The California desert is in the midst of an impressive, organic marketing campaign, wowing visitors with unusually profuse flower displays. Spoiler alert: It’s working.
The Super Bowl is long gone—it’s super bloom time.
Last fall’s abnormal levels of rainfall in the California desert have led to stunning results, including endless fields of desert gold, desert five-spots, and countless other flowers.
Video by Jason Fitzpatrick, “The Muir Project.”
Home to the hottest place on Earth and the driest place in North America, Death Valley National Park’s harsh conditions do not typically bode well for fragile wildflowers. However, thanks to El Niño storm conditions, wildflower seeds that have laid in waiting for years are sprouting to life.
On a recent visit, a colleague and I approached the Death Valley National Park entrance sign on Harry Wade Road, and creosote gave way to blankets of yellow blooms, covering both sides of the dirt road.
At Saratoga Springs, chirping frogs and swirling pupfish native to the springs greeted us, along with hills covered in caltha-leaf phacelia, sand verbena, and desert gold, as well as rocks covered with posing zebra-tailed lizards and desert iguanas.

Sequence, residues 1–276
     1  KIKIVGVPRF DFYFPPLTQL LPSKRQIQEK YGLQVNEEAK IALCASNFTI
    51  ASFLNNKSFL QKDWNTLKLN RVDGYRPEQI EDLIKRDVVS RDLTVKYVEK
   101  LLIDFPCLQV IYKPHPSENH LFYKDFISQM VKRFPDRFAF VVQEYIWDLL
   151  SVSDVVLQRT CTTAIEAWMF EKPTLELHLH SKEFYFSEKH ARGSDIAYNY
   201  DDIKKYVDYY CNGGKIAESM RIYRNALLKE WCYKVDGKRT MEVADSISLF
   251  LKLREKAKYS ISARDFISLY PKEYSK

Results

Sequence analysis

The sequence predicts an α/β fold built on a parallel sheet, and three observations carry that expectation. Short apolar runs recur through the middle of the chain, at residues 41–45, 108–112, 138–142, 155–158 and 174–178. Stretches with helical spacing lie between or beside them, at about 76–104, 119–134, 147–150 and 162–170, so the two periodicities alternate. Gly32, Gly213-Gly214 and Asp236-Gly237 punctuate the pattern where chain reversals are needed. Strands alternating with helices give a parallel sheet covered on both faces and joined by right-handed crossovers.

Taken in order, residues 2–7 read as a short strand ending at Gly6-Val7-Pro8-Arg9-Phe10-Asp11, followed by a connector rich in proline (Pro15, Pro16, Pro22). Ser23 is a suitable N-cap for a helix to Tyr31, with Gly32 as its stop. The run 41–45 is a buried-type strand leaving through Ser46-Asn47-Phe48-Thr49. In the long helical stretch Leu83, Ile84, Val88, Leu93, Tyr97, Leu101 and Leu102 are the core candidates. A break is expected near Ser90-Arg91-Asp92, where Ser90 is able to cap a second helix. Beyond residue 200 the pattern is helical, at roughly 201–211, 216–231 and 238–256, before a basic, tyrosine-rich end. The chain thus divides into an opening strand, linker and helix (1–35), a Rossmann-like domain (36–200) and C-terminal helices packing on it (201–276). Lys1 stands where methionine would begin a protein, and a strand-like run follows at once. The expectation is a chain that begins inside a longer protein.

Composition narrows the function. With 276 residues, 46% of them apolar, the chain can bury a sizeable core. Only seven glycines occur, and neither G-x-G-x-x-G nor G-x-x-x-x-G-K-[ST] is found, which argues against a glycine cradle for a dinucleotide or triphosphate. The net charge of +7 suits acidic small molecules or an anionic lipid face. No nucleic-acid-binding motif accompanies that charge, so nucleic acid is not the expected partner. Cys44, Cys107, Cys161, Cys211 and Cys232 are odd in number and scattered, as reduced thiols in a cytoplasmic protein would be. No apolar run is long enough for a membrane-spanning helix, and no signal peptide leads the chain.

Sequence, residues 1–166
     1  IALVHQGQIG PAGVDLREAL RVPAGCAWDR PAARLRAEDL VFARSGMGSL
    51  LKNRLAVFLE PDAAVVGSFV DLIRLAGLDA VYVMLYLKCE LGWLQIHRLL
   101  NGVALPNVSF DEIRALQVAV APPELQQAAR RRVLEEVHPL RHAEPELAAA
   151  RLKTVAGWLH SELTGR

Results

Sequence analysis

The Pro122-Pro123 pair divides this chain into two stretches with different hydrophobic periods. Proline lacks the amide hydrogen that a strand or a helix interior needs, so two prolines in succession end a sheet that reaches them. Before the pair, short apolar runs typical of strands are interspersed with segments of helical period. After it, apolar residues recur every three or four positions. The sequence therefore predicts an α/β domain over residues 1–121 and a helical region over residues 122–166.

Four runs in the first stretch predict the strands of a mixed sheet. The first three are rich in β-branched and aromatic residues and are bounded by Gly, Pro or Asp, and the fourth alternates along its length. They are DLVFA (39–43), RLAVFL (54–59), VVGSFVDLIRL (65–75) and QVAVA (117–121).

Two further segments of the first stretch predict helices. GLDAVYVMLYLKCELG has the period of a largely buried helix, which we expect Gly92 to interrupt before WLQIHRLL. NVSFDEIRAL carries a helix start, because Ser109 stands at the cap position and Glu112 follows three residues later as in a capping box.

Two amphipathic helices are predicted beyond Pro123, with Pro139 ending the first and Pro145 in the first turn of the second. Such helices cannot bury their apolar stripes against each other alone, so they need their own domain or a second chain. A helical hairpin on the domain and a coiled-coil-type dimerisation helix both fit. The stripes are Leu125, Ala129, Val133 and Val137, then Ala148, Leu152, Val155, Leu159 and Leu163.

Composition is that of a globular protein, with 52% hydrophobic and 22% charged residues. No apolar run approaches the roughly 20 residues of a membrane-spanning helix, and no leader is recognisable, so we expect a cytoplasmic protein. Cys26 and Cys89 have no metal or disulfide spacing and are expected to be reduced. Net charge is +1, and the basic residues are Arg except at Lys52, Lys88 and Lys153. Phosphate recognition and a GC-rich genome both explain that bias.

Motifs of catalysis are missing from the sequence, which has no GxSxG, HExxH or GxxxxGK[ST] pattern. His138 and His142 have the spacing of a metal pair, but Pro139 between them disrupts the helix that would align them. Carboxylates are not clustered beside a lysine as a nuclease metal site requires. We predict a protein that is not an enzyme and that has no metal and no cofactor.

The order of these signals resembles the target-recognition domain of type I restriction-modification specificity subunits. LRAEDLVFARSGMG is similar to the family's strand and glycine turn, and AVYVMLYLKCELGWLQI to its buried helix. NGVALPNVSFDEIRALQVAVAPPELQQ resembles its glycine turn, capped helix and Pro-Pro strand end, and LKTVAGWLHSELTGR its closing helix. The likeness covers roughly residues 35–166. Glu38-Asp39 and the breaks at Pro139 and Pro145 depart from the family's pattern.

Throughout our many stops during the day to photograph or just enjoy the silence while standing in a field of color, fellow visitors expressed their appreciation for the show, which Death Valley National Park biologists are calling the best in more than a decade.
A National Park Service video on the 2016 super bloom.
Even with increased visitation during the super bloom and the super comfortable weather, it’s easy to find areas to explore or just relax with only the sounds of nature in your ears in this 3.3 million-acre natural treasure.
The super bloom memories will continue to stay with me long after the desert dust and “paint” from the flower pollen clears from my hiking boots, but those looking to visit the park should not delay. While flowers will continue to bloom in higher elevations through June, the super bloom is only expected to last until mid-March. The time to secure camping permits or hotel reservations in gateway towns like Shoshone, Tecopa, Baker, and other communities on the south side of the park is now.
Travel note: The same rains that are allowing an unusually large number of wildflowers to bloom have also caused significant damage, forcing the closure of Scotty’s Castle and some park roads. Check the Park Service website for the latest updates and alerts.
About the author
Kati Schmidt Director, Communications, Alaska, Northern Rockies, Northwest, Southwest, Pacific
Kati Schmidt is based in Oakland, CA, and leads media outreach and communications for the Pacific, Northwest, Northern Rockies, Alaska, and Southwest regions, along with NPCA's national wildlife initiatives.